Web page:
Budget Committee Meeting Looks at Solid End to Fiscal Year

With only a couple of months left in the fiscal year, it is once again time to take into account the gains and losses of the year and project just where Londonderry stands financially. By all accounts, the town appears to be in good shape.

This can be seen in  the positive attitudes of attendees at the May 25 Budget Committee meeting at Town Hall, including Town Manager Kevin Smith and Financial Director Doug Smith. This was also the first official meeting for new members Kristen Hildonen and Alex Rego.

After explaining to the new members how these meetings are they typically run, Kevin and Doug began by going over town expenditures. The two were quick to point out that the current total amount of spending is at 81.20 percent of the budget, which is less than their prediction of 83.33 budget. As a result, the Town Council did not feel the need to pull back on certain expenditures.

Despite the high hopes, Chairman Tim Siekmann had some questions for the Smiths. He was curious about the lack of information on capital for vehicles, machinery, and equipment.  Doug and Kevin explained that the vehicles, such as fire trucks and police cruisers, are now being paid for via a lease system, as opposed to usually funding them through the capital reserve.

These payments were then simply added on to the operating budget in order to keep the budget more stabilized.

Other elements of the expenditure budget were also discussed, including going slightly over due to recent elections, and using only 60 percent of the solid waste budget due to heavy budgeting around the activities of the recycling market.

The committee still seemed very pleased with what they saw, with Doug and Kevin projecting that by the end of the fiscal year, the expenditure budget should produce a $500,000 surplus, most of which will go to roadway maintenance.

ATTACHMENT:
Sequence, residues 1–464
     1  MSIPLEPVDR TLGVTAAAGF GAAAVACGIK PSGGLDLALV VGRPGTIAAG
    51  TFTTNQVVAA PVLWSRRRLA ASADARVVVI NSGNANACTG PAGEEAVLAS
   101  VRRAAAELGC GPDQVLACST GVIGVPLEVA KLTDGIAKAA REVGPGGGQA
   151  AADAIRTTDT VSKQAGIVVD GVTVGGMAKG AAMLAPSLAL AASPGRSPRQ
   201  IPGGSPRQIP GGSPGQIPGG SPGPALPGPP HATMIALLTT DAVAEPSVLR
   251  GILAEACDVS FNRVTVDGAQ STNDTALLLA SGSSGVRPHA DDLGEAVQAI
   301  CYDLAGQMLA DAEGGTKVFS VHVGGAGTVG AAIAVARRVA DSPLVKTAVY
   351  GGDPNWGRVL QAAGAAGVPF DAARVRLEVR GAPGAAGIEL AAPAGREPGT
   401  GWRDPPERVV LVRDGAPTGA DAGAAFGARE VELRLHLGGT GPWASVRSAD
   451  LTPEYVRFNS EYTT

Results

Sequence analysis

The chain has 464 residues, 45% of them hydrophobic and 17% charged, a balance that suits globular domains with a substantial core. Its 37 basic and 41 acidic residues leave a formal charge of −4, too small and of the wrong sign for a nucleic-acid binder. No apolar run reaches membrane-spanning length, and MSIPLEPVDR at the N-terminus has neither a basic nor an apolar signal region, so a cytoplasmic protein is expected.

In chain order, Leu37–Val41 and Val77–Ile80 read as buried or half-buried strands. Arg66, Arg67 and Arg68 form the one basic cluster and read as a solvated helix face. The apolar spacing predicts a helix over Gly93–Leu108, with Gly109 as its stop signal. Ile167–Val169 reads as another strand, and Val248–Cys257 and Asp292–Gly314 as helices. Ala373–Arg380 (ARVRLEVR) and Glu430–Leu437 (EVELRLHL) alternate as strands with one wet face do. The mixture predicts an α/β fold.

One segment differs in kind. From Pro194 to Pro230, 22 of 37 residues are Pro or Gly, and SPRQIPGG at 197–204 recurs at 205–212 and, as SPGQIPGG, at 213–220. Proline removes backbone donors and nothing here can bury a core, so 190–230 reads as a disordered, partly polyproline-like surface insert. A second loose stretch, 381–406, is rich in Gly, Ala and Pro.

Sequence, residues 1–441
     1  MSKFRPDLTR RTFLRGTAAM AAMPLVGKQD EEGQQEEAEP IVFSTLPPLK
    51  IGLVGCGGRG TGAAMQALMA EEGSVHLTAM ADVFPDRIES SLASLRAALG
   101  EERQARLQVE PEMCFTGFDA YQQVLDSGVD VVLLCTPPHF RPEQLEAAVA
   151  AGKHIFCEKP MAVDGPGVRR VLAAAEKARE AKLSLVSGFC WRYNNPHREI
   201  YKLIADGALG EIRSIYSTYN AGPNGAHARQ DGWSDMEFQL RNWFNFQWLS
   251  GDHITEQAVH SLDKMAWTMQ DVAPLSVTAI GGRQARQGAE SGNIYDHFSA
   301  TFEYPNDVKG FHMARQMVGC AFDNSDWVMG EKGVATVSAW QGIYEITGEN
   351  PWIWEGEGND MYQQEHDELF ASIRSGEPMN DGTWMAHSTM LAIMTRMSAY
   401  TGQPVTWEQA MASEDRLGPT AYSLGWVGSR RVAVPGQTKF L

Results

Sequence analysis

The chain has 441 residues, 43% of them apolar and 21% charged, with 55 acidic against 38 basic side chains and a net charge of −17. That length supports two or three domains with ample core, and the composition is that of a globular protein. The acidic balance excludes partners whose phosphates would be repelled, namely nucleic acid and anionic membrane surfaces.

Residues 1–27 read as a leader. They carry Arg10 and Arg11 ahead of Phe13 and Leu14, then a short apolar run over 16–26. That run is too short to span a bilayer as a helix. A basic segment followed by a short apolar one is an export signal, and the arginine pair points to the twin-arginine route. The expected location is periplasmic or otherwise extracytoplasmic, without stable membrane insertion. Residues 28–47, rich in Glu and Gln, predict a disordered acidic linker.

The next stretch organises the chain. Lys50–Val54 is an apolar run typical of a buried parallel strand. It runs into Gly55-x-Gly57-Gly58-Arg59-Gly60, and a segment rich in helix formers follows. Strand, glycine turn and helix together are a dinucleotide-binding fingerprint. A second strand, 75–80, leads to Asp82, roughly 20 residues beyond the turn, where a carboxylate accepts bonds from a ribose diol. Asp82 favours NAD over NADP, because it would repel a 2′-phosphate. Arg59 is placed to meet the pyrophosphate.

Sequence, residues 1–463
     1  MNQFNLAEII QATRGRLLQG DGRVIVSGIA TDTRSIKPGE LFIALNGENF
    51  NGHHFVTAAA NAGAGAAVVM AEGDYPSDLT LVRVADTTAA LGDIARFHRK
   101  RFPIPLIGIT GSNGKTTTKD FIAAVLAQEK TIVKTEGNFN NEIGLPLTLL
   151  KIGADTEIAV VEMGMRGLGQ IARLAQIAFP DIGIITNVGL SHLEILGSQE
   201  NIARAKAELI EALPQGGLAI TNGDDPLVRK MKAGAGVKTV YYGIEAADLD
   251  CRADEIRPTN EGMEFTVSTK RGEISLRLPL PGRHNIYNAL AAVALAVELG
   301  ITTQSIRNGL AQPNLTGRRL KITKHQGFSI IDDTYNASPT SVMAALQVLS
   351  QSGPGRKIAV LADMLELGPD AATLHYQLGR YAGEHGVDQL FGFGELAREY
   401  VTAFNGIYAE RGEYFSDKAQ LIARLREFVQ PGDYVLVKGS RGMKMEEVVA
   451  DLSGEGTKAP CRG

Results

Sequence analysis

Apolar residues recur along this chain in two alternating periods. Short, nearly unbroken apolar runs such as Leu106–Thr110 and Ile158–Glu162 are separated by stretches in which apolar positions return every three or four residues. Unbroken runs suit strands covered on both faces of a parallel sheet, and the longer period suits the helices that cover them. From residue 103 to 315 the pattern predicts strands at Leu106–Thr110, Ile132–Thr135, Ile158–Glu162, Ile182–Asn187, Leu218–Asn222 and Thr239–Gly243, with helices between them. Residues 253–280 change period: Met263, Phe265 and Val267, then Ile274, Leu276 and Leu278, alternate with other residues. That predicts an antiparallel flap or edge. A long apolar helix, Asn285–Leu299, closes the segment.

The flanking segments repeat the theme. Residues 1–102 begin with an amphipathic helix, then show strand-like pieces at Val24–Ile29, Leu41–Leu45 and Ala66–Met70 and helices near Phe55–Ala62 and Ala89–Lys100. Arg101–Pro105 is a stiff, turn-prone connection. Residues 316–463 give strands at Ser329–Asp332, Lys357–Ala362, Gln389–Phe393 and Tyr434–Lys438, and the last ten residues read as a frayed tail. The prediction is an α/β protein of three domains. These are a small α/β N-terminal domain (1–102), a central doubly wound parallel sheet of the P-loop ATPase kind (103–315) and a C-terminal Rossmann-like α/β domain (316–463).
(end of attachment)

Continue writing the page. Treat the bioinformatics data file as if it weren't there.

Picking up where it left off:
Kevin and Doug then went on to discuss the revenue budget. The budget also seemed to be heading in a positive direction, with motor vehicle permits already netting $6,180,000, but Kevin and Doug noted that they were not as far ahead as last year due to this year’s increased revenue goal. The two project that the revenue budget will produce a surplus of somewhere between $500,000 and $750,000.

What struck Siekmann was the sheer amount of growth Londonderry has been experiencing as of late.  Kevin had noted earlier that a recent census had labeled Londonderry as the fastest growing city in New Hampshire.  That, combined with the building permits revenue at almost 120 percent of its initial goal, led Siekmann to ask whether or not Londonderry was in danger of running out of room for more development, which would adversely affect the town. Although Kevin did confirm Siekmann’s suspicions about a depletion of such property, stating “There’s not a whole lot left on the table,” he told Siekmann that he should not be too concerned over it and should be more concerned with the future state of the economy.

Kevin and Doug ended their portion of the meeting by telling the committee what to expect for the upcoming fiscal year, including a temporary halt on personal requests, and a new central fire station and communications warrant article.

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